When I hear ice clinking in a glass
I think of my mother and how we could tell,
by slur or by gait, if she’d had one drink

or two-and-a-half; how, by the third, a chill
would coat her in a hardened shell,
or she’d rain down like hail with tearful

stories we’d heard before. I’d call around
to the usual bars when I was ten, long after
dinner, long after bedtime. I’d check

to make sure she was breathing
when she slept, ribs rising & falling
in slow frigid waves. But there are no

middle-of-the-night rantings now,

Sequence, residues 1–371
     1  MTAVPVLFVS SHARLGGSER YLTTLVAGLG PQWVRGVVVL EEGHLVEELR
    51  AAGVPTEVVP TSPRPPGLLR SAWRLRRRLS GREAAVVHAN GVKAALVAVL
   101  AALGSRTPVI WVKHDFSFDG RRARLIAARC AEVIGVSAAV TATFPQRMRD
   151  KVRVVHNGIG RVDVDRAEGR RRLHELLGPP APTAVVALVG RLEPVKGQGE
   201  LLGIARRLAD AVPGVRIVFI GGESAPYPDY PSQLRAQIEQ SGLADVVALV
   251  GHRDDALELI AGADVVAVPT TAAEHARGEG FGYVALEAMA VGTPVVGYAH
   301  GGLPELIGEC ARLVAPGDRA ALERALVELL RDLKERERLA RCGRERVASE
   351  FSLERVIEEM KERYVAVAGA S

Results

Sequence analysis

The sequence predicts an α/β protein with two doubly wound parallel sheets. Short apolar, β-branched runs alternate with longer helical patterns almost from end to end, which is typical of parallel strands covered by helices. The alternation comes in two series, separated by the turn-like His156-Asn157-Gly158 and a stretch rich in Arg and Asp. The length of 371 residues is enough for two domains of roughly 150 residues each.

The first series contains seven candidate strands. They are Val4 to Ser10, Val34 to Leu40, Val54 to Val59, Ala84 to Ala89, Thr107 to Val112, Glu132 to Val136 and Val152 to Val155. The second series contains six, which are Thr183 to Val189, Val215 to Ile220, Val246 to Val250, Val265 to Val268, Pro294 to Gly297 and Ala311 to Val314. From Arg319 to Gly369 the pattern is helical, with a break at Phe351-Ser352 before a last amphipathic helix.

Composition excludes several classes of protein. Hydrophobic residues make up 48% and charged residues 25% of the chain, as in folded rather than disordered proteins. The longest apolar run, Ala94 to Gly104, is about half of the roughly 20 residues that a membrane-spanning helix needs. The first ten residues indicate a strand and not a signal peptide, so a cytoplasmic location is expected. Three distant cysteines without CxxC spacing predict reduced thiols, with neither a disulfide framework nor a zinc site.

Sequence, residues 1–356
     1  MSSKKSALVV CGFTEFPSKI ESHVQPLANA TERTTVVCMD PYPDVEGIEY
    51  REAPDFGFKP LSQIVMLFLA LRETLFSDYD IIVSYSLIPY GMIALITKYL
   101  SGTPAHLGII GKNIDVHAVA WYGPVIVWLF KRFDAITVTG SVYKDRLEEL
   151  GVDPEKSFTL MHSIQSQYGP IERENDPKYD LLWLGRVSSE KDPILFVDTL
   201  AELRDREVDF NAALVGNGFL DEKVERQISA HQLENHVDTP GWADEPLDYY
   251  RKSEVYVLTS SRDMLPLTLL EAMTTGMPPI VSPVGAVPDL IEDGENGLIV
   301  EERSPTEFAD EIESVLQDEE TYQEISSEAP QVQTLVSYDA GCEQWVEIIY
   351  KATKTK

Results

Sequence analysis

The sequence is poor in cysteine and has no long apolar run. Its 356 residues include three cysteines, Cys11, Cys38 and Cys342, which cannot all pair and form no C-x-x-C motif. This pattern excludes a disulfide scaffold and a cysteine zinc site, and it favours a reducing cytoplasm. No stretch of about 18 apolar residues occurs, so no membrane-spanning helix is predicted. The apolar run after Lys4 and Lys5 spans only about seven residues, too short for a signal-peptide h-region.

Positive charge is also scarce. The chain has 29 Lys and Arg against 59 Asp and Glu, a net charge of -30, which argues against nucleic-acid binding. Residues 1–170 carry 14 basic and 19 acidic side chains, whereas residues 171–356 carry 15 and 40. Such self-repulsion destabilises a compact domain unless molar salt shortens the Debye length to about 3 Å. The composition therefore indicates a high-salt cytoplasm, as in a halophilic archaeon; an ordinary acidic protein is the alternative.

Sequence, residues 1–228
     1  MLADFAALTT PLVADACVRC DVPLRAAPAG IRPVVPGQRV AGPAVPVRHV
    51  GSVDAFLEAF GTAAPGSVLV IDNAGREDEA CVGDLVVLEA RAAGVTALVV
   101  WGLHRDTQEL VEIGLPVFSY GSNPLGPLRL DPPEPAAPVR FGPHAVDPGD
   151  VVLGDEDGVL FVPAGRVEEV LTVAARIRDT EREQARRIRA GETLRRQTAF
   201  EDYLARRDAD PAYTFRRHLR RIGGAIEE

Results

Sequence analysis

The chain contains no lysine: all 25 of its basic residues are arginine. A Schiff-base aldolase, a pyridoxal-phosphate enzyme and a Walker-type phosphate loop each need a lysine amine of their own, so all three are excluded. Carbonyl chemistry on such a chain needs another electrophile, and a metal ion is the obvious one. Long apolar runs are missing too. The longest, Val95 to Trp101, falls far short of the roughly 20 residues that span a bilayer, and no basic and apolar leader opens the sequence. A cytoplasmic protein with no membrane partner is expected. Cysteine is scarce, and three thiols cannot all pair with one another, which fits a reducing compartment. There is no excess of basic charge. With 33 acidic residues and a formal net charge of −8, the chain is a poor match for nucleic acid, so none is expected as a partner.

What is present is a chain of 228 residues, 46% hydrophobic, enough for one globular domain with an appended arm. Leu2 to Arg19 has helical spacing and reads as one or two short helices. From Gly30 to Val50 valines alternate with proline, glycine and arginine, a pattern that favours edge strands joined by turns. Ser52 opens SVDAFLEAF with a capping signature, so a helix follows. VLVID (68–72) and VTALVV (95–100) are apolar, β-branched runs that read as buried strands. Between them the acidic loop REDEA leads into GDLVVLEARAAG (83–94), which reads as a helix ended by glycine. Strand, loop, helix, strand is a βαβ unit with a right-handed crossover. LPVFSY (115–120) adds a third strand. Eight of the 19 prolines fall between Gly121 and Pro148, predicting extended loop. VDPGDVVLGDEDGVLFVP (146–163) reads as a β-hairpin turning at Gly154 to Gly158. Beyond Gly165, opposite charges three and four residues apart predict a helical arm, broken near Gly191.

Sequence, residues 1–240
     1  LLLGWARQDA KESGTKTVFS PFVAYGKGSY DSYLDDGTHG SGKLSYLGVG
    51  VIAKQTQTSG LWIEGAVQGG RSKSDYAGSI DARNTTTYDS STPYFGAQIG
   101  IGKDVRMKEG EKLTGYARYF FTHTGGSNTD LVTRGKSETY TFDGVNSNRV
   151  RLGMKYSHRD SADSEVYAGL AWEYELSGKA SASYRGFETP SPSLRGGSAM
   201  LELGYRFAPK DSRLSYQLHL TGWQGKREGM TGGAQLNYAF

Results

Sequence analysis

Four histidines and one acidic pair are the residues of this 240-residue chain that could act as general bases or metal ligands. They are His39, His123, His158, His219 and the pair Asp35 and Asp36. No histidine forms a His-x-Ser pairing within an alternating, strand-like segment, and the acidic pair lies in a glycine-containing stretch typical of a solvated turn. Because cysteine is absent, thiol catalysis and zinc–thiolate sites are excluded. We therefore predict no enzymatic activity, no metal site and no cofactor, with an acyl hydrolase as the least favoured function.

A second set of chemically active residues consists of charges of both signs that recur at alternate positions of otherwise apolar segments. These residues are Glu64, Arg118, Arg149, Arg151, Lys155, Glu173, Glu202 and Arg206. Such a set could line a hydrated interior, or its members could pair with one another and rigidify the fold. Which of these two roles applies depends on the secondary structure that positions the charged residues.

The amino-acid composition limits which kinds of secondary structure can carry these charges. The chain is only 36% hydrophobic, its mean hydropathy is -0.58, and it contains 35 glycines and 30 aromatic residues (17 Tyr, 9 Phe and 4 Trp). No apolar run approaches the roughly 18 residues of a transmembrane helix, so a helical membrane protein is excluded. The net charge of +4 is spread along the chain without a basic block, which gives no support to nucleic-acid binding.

no shaking us awake from our splintered
sleep, making us get up

to wash dishes we’d left In the sink.
No calls from jail now as some guard
listens in, the click and static filling

the fissure between us. We drift, broken
chunks of lost glacier. We slide away,
cubes released from their frosty silver trays.

© Barb Reynolds